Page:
- parasympathetic nervous system contributes to the regulation of the heart function, but has little control over the blood vessels
Autonomic neurotransmitters involved in BP control?
- Acetylcholine is postganglionic neurotransmitter for parasympathetic neurons (cholinergic receptors)
- NE is main neurotransmitter for postganglionic sympathetic neurons (adrenergic receptors)
- 2 types of adrenergic receptors: alpha and beta
in vascular smooth muscle, stimulation of alpha receptors produces vasoconstriction and stimulation of b receptors causes vasodilation
Epi and NE effect on BP?
- little evidence to suggest that epi and NE have role in HTN, impt because drugs that block SNS do lower BP and have well established therapeutic role
- Catecholamines (E and NE) act on heart and blood vessels through alpha and beta receptors so the CV actions of catecholamines can be blocekd by tx with alpha and beta blockers
CNS responses to change in BP?
- CNS ischemic response
- cushings reflex
Autonomic response to circulatory stresses?
- postural stress
- valsalva's maneuver
- face immersion - (used to break Vtach)
CO and PVR effect on BP?
- BP = COxPVR
- most people with essential HTN have normal CO but raised PVR
What determines the PVR?
- not by large arteries or capillaries but by small arterioles, walls of which contain smooth muscle cells
- contraction of smooth muscle cells is thought to be related to rise in intracellular Ca2+ concentration
- prolonged smooth muscle contraction is thought to induce structural changes with thickening of arteriolar vessel walls possible mediated by angiotensin, leading to an irreversible rise in PVR.
- this may explain the vasodilatory effect of drugs that block the Ca channels (CCBs)
Role of the RAAS?
impt role in regulating blood volume and systemic vascular resistance, which together influence cardiac output and arterial pressure
What are the 3 impt components in RAAS?
MOA of RAAS?
- renin gets released from the kidneys because of low BP- stimulates the formation of angiotensin 2 from angiotensin 1 which then in turn stimulates the release of aldosterone from the adrenal cortex
Where is renin released from? When is it released?
- renin is secreted from juxtaglomerular apparatus of the kidney located in the wall of the afferent arteriole
- released in response to glomerular underperfusion or reduced salt intake
- also released in response to stimulation from the sympathetic nervous system
MOA of renin release?
- JG cells assoc with afferent arteriole entering glomerulus are the primary site of renin storage and release in the body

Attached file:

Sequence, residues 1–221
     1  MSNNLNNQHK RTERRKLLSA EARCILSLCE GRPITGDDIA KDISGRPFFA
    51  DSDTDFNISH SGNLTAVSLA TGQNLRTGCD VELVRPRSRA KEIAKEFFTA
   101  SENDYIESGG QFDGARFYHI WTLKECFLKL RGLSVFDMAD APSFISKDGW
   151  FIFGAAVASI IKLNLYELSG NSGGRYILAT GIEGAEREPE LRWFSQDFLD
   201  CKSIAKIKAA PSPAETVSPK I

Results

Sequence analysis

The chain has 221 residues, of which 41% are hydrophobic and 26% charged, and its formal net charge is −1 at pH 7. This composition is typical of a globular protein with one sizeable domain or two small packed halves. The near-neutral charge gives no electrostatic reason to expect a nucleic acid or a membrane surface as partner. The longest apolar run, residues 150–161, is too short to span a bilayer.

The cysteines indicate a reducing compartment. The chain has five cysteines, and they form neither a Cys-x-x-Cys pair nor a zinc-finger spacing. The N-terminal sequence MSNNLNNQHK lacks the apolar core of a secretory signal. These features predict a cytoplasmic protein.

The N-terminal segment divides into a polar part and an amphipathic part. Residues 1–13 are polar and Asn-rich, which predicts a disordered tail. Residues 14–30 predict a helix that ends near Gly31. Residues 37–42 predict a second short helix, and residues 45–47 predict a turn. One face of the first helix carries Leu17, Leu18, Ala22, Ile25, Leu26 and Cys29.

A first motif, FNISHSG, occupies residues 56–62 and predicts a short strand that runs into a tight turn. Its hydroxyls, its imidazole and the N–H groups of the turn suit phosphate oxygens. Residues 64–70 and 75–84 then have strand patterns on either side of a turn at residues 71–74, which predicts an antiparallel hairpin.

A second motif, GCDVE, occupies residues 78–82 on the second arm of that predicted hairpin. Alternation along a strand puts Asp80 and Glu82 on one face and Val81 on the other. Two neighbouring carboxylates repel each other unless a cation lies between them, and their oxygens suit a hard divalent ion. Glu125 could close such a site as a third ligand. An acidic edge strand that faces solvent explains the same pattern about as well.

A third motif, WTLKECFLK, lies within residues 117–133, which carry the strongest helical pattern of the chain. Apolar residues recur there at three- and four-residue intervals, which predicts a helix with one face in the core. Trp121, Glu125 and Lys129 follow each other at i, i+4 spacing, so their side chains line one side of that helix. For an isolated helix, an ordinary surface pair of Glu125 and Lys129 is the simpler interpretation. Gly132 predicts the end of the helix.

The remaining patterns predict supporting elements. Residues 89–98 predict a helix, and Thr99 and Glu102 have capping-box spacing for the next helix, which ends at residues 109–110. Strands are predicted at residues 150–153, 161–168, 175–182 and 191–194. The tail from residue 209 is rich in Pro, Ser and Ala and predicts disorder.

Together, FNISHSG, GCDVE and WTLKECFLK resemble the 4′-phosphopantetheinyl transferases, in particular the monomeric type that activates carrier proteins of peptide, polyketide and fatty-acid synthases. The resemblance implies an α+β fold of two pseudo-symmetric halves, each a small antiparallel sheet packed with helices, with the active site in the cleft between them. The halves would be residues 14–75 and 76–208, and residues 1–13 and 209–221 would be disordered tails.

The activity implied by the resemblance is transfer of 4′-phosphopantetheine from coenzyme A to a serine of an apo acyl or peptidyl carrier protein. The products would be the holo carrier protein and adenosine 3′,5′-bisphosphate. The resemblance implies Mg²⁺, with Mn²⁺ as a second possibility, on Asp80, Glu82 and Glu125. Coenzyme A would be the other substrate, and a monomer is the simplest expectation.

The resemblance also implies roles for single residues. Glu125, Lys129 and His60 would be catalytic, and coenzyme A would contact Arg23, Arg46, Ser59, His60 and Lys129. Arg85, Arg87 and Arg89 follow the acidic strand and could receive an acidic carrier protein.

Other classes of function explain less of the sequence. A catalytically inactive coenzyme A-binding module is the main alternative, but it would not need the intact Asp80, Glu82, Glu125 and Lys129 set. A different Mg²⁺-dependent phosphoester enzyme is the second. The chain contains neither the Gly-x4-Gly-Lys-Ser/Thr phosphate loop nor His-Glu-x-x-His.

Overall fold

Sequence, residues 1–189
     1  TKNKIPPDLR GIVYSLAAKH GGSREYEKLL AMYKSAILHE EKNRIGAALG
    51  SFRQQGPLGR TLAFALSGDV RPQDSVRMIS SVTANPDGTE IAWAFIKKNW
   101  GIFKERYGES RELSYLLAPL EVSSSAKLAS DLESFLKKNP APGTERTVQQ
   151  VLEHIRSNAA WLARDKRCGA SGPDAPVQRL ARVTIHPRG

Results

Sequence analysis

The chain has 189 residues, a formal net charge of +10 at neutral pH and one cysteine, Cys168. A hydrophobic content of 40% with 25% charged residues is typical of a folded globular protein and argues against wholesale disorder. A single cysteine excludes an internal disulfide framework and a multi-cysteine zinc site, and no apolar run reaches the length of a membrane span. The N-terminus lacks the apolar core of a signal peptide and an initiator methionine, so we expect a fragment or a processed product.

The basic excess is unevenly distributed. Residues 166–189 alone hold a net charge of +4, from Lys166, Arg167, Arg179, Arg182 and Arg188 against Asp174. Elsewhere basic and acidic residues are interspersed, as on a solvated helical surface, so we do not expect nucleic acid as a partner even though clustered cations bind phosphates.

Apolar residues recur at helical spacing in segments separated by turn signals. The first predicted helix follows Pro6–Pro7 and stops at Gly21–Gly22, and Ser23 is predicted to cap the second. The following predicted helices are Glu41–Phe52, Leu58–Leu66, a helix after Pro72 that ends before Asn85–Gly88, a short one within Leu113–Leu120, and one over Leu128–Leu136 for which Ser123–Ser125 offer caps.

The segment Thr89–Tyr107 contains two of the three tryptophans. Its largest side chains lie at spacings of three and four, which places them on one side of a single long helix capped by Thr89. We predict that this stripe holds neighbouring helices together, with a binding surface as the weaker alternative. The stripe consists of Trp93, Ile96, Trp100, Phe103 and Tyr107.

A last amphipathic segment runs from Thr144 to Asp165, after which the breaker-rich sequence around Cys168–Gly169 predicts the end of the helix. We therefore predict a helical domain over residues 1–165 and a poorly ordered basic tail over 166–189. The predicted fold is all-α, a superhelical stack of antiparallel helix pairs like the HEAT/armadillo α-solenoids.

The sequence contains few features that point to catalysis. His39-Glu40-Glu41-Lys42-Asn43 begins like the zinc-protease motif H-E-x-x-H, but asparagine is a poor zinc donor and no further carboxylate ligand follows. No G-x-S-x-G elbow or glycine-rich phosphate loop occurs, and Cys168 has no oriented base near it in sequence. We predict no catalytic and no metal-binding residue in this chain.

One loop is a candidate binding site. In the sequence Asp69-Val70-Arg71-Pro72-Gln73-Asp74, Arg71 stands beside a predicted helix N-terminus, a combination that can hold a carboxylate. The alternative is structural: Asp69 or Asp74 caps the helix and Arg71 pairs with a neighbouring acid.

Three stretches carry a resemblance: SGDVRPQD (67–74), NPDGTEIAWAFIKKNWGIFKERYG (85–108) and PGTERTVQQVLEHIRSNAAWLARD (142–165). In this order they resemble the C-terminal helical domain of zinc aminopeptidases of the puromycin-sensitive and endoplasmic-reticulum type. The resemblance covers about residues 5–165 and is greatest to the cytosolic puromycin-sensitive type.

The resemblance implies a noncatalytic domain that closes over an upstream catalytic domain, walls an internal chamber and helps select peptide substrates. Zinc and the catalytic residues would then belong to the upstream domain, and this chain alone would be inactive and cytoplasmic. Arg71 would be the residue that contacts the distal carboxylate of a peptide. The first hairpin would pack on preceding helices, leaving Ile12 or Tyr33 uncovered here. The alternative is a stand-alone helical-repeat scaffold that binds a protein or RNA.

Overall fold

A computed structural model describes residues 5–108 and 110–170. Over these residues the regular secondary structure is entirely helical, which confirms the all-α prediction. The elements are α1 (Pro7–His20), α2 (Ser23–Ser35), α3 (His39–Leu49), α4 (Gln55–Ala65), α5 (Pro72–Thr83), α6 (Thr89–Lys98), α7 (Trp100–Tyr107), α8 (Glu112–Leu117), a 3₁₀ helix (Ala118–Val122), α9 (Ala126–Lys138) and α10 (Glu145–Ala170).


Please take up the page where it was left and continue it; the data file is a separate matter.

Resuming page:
- a reduction in afferent arteriole pressure causes the release of renin from JG cells, whereas incerased pressure inhibits renin release
- B 1 adrenoceptors located on JG cells respond to sympathetic nerve stimulation by releasig renin
- specialized cells (macula densa) of distal tubules lie adjacent to the JG cells of the afferent arteriole (the macula densa senses the amt of sodium and chloride ions in the tubular fluid
- when NaCl is elevated in the tubular fluid, renin release is inhibited, if NaCl reduced - stimulates renin release by the JG cells
- evidence that prostaglandins stimulate renin release in response to reduced NaCl transport across the macula densa
- when afferent arteriole pressure is reduced glomerular decreases and this reduces NaCl in the distal tubule
- this serves as an impt mechanism contributing to the release of renin when there is afferent arteriole hypotension
Renin effect on angiotensinogen?
- when renin is released into the blood, it acts upon a circulating substrate, angiotensinogen, that undergoes proteolytic cleavage to form the decapeptide angiootensin I
- vascular endothelium, particularly in the lungs, has an enzyme ACE, that cleaves off 2 AAs to form the octapeptide - angiotensin II, although many other tissues also can form AII (brain, heart, and vascular). AII is a potent vasoconstrictor and thus causes a rise in BP
Impt functions of AII?
- constricts resistance vessels thereby increasing systemic vascular resistance and arterial pressure
- acts on adrenal cortex to release aldosterone, which in turn acts on the kidneys to increase Na+ and fluid retention
- stimulates the release of vasopressin (ADH) from the posterior pituitary, which increases fluid retention by the kidneys
- stimulates thirst centers within the brain - add more volume - increase BP
- facilitates NE release from the nerve endings and inhibits NE re-uptake by nerve endings, thereby enhancing sympathetic adrenergic function
- all going to increase in PVR and increase BP